commercial and domestic sectors.

The Lloyd’s Agency system is a worldwide network of companies which
are selected and appointed by the Corporation of Lloyd’s, to provide
surveying and investigation services and to supply local information
on events or occurrences which may be of interest to Lloyd’s
Underwriters.
In the event of a loss or damage which may give rise to a claim on a
Marine Insurance Policy or Underwriters at Lloyd’s, the Lloyd’s
Agent is able to provide invaluable assistance in protecting the
interests of both Underwriters and the Assured.

A Adamson & Company are the appointed Lloyd’s Agents at Glasgow,
also having a sub-agency at the port of Leith. We also undertake a
wide range of surveys in addition to those required in connection
with insurance claim purposes – these include verifying the stowage
and securing of cargo, out-turn inspections, towage approval
surveys, and hatch/hold and vessel condition surveys.

http://en.wikipedia.org/wiki/Swiss_Re

http://www.ruschlikon.net/

Swiss Re was founded December 19, 1863 by the Helvetia General
Insurance Company in St. Gallen, the Schweizerische Kreditanstalt
(Credit Suisse) in Zurich and the Basler Handelsbank in Basle.

Swiss Re is the world’s largest reinsurer, now that it has acquired
GE Insurance Solutions (Ligi 2006). Founded in 1863, Swiss Re now
operates in more than 30 countries.
http://home-2.worldonline.nl/~aarde01/

Templars in England

The history of the Templars in England began when Hughes de Payens,
Grandmaster of the order visited the country in 1128 to raise men
and money for the crusade. The first house was in London and early
patrons include Earl Robert de Ferrers, Bernard de Balliol, King
Stephen of England and Queen Matilda. Henry II granted them land
across England, including some land by Castle Barnard on the River
Fleet where they built a round church. They were also given the
advowson of St Clement Danes. In 1184 their headquarters was
transferred to the New Temple where once again they built a round
church.

JPMorgan Cazenove is one of the UK’s leading investment banks.
Jointly owned by JPMorgan and Cazenove, it combines innovative and
impartial advice with a broad range of capabilities and proven
execution skills. It is committed to providing its clients with the
highest quality of services based on a deep understanding of their
needs which has been built up over many years.
Headquartered in London, it has offices in Hong Kong, Beijing,
Singapore, Shanghai, Frankfurt, Paris and New York as well as access
to JPMorgan’s extensive global network. It provides a full range of
investment banking services, including financial advice, M&A,
investor relations, debt and equity capital markets advice and
execution and equity research and distribution.
JPMorgan Cazenove is committed to acting as an effective link
between providers of capital and its commercial, industrial and
financial customers.

http://www.jpmorgancazenove.com/

Cazenove Group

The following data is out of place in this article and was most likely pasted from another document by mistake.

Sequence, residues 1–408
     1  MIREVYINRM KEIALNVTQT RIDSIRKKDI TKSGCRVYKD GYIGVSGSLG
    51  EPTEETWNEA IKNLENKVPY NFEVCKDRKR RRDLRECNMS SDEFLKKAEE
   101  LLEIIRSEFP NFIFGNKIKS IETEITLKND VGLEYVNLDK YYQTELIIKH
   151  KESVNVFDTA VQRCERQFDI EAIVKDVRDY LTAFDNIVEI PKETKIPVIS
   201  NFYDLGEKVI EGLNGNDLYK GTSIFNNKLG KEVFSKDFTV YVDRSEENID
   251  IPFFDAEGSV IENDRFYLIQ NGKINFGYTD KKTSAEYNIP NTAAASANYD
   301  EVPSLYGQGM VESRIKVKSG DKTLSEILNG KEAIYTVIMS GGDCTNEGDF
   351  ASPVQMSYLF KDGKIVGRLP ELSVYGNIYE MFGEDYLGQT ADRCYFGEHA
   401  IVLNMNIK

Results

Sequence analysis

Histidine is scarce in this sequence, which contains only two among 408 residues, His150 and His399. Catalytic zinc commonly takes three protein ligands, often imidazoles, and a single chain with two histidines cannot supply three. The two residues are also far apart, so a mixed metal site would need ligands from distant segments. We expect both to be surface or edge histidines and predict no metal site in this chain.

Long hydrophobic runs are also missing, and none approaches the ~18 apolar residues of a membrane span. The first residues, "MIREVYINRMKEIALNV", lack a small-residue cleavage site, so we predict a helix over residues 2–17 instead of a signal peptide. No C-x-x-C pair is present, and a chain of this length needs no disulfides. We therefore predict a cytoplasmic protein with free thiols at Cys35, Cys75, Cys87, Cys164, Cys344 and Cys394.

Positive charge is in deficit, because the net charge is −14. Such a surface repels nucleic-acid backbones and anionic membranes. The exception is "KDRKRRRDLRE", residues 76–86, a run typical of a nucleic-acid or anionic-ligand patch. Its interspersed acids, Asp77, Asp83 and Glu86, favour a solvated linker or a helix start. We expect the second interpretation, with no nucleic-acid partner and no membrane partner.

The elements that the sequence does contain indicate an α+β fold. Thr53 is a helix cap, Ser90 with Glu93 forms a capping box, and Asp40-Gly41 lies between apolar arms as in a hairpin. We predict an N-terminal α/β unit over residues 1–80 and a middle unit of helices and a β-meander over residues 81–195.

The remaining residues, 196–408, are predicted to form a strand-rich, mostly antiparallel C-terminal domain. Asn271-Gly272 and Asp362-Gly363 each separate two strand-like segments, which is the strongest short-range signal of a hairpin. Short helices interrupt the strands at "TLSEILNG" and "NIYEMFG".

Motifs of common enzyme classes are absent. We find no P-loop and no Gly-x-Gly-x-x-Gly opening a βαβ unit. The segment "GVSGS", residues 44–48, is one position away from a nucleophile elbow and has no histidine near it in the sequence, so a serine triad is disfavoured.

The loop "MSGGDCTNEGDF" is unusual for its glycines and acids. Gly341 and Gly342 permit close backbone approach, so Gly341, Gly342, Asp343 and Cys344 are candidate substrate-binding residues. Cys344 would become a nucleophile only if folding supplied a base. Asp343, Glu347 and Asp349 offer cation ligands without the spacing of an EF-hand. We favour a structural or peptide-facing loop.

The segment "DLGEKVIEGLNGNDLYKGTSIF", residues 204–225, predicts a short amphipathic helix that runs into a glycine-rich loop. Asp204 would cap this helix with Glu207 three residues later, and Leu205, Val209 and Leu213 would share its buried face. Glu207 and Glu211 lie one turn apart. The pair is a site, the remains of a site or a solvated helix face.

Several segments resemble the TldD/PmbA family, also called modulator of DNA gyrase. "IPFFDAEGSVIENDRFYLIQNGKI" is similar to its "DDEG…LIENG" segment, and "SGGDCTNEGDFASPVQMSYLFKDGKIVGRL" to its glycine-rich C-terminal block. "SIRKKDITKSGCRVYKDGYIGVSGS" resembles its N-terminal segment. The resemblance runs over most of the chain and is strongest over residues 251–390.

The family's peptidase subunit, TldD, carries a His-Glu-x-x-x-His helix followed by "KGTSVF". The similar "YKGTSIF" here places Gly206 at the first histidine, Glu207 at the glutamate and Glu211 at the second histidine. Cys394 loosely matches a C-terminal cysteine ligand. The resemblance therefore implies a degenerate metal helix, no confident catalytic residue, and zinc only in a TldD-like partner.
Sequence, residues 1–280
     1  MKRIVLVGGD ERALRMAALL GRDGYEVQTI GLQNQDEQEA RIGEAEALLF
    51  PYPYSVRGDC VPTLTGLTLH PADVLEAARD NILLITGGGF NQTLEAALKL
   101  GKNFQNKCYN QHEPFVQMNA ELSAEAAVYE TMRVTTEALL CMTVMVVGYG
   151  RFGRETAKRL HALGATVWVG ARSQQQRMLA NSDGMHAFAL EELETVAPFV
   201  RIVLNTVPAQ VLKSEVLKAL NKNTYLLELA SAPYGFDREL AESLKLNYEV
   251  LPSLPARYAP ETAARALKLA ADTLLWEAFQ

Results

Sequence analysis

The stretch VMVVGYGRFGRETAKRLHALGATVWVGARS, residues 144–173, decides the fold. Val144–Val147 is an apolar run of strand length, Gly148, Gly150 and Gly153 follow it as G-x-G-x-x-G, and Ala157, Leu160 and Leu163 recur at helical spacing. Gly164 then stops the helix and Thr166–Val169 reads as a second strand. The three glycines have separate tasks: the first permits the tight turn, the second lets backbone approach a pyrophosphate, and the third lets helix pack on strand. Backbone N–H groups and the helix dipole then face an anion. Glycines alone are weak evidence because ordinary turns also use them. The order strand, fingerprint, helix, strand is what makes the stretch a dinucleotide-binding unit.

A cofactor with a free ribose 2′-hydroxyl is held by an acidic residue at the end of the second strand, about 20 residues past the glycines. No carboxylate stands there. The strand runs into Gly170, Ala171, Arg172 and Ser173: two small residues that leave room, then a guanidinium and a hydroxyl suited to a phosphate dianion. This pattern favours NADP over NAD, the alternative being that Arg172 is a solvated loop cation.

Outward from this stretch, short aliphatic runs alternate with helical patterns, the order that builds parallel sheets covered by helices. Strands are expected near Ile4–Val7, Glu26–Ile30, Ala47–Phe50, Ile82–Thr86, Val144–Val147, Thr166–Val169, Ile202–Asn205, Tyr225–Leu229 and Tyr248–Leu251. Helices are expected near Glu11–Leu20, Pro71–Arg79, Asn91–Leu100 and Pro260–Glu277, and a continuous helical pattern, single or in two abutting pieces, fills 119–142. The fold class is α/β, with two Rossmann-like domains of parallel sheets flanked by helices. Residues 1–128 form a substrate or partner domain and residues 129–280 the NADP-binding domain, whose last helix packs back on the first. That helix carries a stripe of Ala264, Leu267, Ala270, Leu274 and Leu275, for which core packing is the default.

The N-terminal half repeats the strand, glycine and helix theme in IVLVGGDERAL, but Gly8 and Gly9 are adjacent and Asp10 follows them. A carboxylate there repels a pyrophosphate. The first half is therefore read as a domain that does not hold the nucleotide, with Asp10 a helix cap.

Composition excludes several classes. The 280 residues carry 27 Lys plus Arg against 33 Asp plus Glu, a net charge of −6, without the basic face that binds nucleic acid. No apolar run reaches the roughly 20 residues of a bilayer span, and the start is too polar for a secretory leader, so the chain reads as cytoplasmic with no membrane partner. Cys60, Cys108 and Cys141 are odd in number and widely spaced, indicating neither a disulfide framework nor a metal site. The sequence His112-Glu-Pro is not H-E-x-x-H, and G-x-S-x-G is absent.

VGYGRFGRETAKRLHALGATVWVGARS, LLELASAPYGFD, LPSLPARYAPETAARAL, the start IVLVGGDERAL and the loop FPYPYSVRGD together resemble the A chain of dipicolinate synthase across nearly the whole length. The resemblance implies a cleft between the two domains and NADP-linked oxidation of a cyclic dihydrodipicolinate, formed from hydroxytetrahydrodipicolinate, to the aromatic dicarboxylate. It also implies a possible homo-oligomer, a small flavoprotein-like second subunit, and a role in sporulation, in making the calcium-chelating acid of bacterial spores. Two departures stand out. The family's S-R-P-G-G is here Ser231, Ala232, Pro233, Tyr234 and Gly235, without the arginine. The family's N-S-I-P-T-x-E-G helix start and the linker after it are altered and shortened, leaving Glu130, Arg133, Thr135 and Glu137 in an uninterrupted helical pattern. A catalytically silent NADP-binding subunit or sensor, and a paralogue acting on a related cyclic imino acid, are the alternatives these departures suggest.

http://www.cazenove.com/

Private CompanyIncorporated: 1954 as Casenove & Co.Employees:
1,134Sales: £292.9 million ($500 million) (2004 prorated)NAIC:
523110 Investment Banking and Securities Dealing; 522293
International Trade Financing

Cazenove Group plc is one of the United Kingdom’s oldest and most
venerable investment bankers, providing capital management and
equities and international market investment services to the
country’s elite. The company counts the Queen of England among its
clients, as well as nearly half of the country’s largest 100
companies. With a history reaching back to the early decades of the
19th century, Cazenove has been forced to undergo a sea-change at
the beginning of the 21st century in order to remain a competitive
banking force. Operated as a partnership for most of its more than
180 years, Cazenove converted to a corporation in 2001 and even
toyed with the idea of going public. Instead, at the beginning of
2005, the company spun off its investment banking business into a
joint venture with JPMorgan of the United States, creating JPMorgan
Cazenove Holdings. In this way, JPMorgan achieved an entry into the
dynamic London investment banking sector, while Cazenove obtained
the deep pockets and career perspective capable of attracting the
financial industry’s top talents. Nonetheless, soon after the launch
of the joint venture, the company announced the defection of three
of its senior members. The agreement also gives JPMorgan the right
to acquire full control of the joint venture as early as 2010.
Cazenove traditionally conducts most of its operations from its
London offices, and in the early 2000s the company closed a number
of its overseas offices, notably in India and Australia. Cazenove
maintains subsidiary offices in the United States, Germany, France,
China, Hong Kong, and South Africa. The group posted turnover of
£292.9 million ($500 million), prorated for the full year 2004 in
order to align itself with JPMorgan’s calendar year. Cazenove is led
by chairman David Mayhew, who joined as a partner in 1968.